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Nadler wants to ease tax burden on large families

US Rep. Jerrold Nadler’s new bill would adjust the Earned Income Tax Credit for families with a lot of children. Photo courtesy Congressman Nadler’s office

Brooklyn Daily Eagle

In the 2003 movie “Cheaper by the Dozen,” Steve Martin played the hapless father of 12 children and had audiences laughing in the aisles. But in real life, many families with a lot of children struggle financially, according to US Rep. Jerrold Nadler.

Parents who have a lot of children should be getting a bigger tax break from Uncle Sam, Nadler said. The congressman has introduced a bill that he said will help large families cope with the high costs of living.

The Tax Fairness for All Families Act of 2013 would provide an increasingly larger Earned Income Tax Credit (EITC) for families with more than three children.

Nadler (D-Bensonhurst-Bay Ridge-Manhattan) said he drafted the proposed legislation after hearing from many of his constituents with large families who told him they need tax relief. “My district has many large families, often living in or near poverty, and many need help with daily expenses so that they don’t slip through the cracks,” he said.

“The burden of balancing work, family and community life, especially in expensive areas like New York City, is very challenging.  My bill responds directly to the needs and concerns of large families, and would help them pay for basic necessities, like food, rent, transportation, and other costs that families with more children incur,” Nadler said.

Under the bill, families with more than three children would receive an increasingly larger Earned Income Tax Credit (EITC) and the size of a family’s EITC would depend on the income and the number of children.

Under current law, a family’s EITC maxes out at 45% of income for three or more children regardless of the number of children in the family.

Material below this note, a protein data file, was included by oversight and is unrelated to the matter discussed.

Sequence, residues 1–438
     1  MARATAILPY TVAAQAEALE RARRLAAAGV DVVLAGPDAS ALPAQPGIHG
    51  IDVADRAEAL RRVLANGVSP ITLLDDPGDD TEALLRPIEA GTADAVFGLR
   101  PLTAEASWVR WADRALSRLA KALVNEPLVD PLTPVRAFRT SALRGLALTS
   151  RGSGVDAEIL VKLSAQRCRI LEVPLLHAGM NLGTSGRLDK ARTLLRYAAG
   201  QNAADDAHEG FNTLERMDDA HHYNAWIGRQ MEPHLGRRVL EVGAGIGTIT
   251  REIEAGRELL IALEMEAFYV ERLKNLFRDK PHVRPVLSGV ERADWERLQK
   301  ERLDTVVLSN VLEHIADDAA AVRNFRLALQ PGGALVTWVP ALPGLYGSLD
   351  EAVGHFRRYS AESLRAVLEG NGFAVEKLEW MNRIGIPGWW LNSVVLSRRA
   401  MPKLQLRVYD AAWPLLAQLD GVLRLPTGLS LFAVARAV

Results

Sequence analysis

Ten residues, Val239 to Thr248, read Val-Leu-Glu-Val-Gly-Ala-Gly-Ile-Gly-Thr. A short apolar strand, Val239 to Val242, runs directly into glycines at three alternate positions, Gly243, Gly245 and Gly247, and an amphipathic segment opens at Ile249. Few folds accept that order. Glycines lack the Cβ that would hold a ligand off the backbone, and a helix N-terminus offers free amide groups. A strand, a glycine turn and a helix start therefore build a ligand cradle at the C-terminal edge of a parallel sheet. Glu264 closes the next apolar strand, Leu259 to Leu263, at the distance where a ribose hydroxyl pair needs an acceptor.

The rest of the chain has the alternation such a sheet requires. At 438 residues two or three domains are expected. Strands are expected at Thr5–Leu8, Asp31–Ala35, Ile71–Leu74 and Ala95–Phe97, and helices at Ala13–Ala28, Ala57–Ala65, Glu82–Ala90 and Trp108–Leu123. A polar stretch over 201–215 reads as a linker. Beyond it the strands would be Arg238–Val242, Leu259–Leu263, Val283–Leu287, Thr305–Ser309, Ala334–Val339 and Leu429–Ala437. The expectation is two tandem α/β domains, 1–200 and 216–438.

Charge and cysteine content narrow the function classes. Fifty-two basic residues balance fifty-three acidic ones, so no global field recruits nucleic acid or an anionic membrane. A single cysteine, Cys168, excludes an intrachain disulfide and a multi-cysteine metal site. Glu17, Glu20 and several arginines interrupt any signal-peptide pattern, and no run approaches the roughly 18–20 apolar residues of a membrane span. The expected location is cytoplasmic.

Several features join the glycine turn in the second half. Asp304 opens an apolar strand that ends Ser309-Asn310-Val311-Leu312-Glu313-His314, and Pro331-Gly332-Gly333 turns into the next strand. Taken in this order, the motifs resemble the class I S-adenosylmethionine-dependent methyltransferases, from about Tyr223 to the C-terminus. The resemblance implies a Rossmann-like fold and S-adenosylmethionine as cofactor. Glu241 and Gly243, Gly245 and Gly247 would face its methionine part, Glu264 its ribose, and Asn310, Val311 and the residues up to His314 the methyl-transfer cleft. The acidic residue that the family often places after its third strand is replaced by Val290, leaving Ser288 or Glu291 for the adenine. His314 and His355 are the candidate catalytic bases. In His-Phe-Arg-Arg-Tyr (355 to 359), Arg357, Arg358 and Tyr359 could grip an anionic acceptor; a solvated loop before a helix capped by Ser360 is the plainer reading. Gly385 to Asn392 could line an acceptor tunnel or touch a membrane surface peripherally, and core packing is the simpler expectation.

Nadler’s bill would expand the number of children for which a family can claim the EITC to seven or more.  Families with four children would receive a 50% credit; five children a 55% credit; six children a 60% credit; and, seven or more children a 65% credit.

In addition, the EITC would be phased out gradually as a family’s income increases, so that families would not be all of sudden cut off from a benefit just because their income grows, Nadler said.

Mike Long, chairman of the New York State Conservative Party, is the father of nine grown children. But Long charged that Nadler’s bill is the wrong approach to easing the tax burden on US families. “His legislation is the wrong way to go. We shouldn’t have targeted tax relief. We shouldn’t be conditioning people to be in certain categories in order to get tax relief,” he told the Brooklyn Daily Eagle.

“What we really should do is lower the taxes for everyone; small families, large families. We should be lowering the tax burden on everyone. That’s how you grow the economy. If people’s taxes were lower, they would spend more or save more. We should be making everyone’s life better,” Long said.

 

 

June 10, 2013 - 12:00pm


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